This is the first of the original novels not set in (what eventually by novel 4 came to be known as) the world of Dominaria, and that's fine -- the original setting hadn't really been fleshed out yet anyway except as a convenient hodgepodge for material. But it not only has no connection at all to the previous plots (also fine), it baaarrreeelllly counts as a MTG story. There are connections to Planeswalking and mana usage, and green magic (also blue less obviously; black is briefly mentioned). But that's it. The fantasy staples are pretty D&D. It feels a lot like a story Teri had already largely written that she retro-fitted to be close enough to MTG to count. Which again is fine, even interesting in a way, but anyone coming to the book expecting more of the fanservice from the first four books could be disappointed. Amusingly, the promotional department finally got on the ball and synched the back cover to the plot with "Equinox" and "Cursed Land" cards, the former of which I've seen before in other old decks, the latter of which I think I own a couple from ye olde dayes. Their role in the story is so different from their card operation that the similarities are limited to both being "Equinoxes" and "Cursed Lands", but whatev: at least there's a proper plot tie-in again of some sort!

Not to spoil a plot literally 22 years oMG THE AGE IT BURRNNNNSSS MEEEEEEE, but as I'm reading the early novels I'm tracking the efforts of Wizards of the Coast (the game's publisher) to connect the novels to new deck sets being released. Since the previous trilogy ended up tying in (albeit loosely) to the artifact war between the brothers Urza and Mishra, the next step would seem to be The Dark leading into The Ice Age. This books reads a lot like a limited prototype of the Dark (and maybe also the Ice Age), except (1) there's no connection at all to the Brothers and their war (especially in how the Dark happens); and (2) there are no clear reference to cards from those sets (that I could recognize anyway, though I'm far from entirely knowledgeable about those sets having rarely gotten any cards from them).

The plot then: a cataclysmic Dark/Ice Age event is set off by a greedy ex-wizard instigating a family feud to gain access to this world's only line of mana which, unfortunately for everyone, was keeping this world properly spinning. With the link largely shattered, the exiled broken wizard can't escape the plane and people across the island of not-Scottish-Irenotland ;) are sundered into competing clans while their world teeters on the edge of extinction for five hundred years. The plot resolves this situation with quite a few twists and turns even into the final twenty pages, and while the resolution was telegraphed prophetically from the beginning Teri did a good job both hinting along the way at the coming resolution and deflecting expectations of the resolution. I'm not sure how much of the connection to Christian morality about forgiveness and salvation of enemies was intentional (certainly no theology per se along that line), but I appreciated it anyway.  O:-)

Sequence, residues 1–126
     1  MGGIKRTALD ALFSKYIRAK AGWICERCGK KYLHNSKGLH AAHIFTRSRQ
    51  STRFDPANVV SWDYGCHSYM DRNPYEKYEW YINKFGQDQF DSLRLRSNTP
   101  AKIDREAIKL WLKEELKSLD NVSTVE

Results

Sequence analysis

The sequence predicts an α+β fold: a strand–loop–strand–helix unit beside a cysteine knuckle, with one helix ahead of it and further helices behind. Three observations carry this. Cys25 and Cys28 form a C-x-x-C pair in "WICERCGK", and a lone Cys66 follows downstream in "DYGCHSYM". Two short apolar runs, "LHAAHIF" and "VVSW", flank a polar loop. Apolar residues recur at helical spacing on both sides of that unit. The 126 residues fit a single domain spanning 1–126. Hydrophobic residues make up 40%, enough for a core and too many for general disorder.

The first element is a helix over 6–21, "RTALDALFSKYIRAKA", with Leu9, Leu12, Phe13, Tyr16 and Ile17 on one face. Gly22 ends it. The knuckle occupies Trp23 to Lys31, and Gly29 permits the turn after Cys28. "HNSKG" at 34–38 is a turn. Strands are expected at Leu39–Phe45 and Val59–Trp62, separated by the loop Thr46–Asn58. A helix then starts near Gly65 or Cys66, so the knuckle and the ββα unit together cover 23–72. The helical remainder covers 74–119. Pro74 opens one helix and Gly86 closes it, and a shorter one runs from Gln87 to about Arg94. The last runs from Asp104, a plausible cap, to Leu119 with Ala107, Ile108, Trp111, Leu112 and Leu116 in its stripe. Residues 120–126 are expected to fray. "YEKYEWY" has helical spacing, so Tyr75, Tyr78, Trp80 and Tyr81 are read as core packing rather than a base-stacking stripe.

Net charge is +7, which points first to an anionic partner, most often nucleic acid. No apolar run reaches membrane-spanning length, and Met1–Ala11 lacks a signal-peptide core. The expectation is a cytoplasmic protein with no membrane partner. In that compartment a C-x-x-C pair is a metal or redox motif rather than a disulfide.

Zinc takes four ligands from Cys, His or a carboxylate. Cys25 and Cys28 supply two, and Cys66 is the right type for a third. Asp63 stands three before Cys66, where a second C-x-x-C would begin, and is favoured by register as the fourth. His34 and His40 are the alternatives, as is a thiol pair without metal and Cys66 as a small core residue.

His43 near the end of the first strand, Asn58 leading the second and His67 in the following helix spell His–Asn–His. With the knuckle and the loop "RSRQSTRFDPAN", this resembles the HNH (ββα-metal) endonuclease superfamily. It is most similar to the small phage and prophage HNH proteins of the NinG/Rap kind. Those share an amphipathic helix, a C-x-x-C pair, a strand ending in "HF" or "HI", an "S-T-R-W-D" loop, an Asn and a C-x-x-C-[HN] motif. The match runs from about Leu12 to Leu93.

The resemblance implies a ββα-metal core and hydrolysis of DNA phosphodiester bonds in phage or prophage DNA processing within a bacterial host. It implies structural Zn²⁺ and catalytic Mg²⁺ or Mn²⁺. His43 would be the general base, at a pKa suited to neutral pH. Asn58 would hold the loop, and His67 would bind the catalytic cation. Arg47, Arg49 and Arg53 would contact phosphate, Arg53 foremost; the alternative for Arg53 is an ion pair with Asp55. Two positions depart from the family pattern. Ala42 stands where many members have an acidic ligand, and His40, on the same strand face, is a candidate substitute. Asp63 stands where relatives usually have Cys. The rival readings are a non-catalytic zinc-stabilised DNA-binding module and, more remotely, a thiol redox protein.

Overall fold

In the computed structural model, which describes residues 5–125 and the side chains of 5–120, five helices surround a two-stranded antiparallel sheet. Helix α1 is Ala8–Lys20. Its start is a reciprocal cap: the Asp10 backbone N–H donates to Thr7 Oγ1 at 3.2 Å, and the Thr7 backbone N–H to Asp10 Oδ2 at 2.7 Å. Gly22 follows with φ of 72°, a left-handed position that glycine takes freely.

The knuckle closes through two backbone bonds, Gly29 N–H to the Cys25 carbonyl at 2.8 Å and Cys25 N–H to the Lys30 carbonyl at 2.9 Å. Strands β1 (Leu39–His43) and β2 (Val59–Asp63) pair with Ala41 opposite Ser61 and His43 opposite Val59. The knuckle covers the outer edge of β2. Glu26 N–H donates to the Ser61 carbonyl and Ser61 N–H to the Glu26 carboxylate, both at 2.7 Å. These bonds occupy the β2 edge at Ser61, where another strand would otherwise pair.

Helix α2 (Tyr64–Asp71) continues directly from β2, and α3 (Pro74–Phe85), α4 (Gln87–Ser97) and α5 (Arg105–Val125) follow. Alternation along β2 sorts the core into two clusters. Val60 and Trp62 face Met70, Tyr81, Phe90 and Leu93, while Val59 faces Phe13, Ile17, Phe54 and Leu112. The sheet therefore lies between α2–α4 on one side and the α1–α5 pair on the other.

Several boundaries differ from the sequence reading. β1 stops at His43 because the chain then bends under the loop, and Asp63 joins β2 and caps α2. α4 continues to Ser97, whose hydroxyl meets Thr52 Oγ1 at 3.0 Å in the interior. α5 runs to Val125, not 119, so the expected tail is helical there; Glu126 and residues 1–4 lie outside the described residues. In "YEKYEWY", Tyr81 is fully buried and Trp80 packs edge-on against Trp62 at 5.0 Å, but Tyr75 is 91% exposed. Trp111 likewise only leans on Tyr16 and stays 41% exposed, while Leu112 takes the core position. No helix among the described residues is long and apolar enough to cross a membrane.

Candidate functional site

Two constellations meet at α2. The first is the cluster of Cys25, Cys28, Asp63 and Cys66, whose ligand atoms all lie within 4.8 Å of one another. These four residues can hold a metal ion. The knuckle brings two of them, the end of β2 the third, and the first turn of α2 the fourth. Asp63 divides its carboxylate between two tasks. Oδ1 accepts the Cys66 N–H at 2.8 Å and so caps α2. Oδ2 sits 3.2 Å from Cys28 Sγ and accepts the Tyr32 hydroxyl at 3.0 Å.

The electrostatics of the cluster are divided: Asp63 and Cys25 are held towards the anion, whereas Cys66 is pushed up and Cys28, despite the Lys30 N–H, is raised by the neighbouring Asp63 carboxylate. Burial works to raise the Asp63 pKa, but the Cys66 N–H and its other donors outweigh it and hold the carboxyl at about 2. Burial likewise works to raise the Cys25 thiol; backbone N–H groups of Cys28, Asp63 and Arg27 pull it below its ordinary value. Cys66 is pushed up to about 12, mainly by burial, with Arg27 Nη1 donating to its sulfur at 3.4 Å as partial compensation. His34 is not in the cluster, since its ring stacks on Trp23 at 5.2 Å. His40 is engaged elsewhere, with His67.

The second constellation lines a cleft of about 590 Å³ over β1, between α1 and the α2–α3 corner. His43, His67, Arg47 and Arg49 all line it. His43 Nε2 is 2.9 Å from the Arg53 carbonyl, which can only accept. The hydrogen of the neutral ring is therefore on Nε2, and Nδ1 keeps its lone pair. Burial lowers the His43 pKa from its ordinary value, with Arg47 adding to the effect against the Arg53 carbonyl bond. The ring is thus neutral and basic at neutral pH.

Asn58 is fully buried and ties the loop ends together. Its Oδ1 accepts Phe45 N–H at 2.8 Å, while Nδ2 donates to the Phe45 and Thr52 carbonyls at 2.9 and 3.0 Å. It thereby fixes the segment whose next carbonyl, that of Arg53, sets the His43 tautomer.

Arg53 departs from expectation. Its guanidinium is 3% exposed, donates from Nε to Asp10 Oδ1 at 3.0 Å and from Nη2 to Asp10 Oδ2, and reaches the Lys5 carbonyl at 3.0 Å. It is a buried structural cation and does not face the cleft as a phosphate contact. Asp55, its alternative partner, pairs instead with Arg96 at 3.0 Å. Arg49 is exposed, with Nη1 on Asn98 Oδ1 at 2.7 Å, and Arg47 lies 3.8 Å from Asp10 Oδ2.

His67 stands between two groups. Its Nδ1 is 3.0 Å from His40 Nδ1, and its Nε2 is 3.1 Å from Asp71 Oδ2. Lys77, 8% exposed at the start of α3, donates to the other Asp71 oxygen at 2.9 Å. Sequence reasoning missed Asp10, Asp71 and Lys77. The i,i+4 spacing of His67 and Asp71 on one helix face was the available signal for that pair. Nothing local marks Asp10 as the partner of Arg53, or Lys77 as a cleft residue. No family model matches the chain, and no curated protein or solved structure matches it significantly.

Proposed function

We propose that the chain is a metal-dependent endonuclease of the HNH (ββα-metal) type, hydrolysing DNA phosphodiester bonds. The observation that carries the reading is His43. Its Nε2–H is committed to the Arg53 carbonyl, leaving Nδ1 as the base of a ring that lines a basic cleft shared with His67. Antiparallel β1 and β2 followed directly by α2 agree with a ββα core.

I thoroughly enjoyed my literary vacation with the book, and I've built up enough of a 5:1 surfeit that I should be able to get another one (maybe another two by the time I'm done with the next one) before going back to non-fiction reading -- but I'm already pretty sure there won't be a connection later to this book (which is fine, Terri ties up all the plot threads and foreshows a happy ever after).
« Last Edit: March 01, 2017, 02:51:28 PM by JasonPratt »
ICEBREAKER THESIS CHRONOLOGY! -- Victor Suvorov's Stalin Grand Strategy theory, in chronological order. Lots and lots of order...

Dawn of Armageddon -- a narrative AAR for Dawn of War: Soulstorm: Ultimate Apocalypse: The Hunt Begins: Insert Joke Here!

Survive Harder! In the grim darkness of the bowl there is only, um, Amazons. And tentacles and midgets. Not remotely what you're thinking! ...okay, maybe a little remotely.

PanzOrc Corpz Generals -- Season One complete; Fantasy Wars AAR, lots of screenies.

Offline Gusington

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Re: What are we reading?
« Reply #3521 on: March 01, 2017, 04:27:51 PM »
Wow.
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Offline BanzaiCat

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Re: What are we reading?
« Reply #3522 on: March 01, 2017, 06:23:33 PM »

Offline Staggerwing

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Re: What are we reading?
« Reply #3523 on: March 01, 2017, 07:03:50 PM »
'Escaladed'- when she takes off with the pool boy in her sugar daddy's caddy SUV.
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Offline OJsDad

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Re: What are we reading?
« Reply #3524 on: March 10, 2017, 02:53:10 PM »
Just finished 1632 by John Ringo and starting the second book in the Ring of Fire series, 1633.  I've both of these first two before.  I definitely is not as good as books like Forstchen's Lost Regiment series or his One Second After book.  David Webers Safehold books are also a lot better.  In 1632, there's no struggle just to get the basics up and running.  No having to make decisions on what gets priority over something else.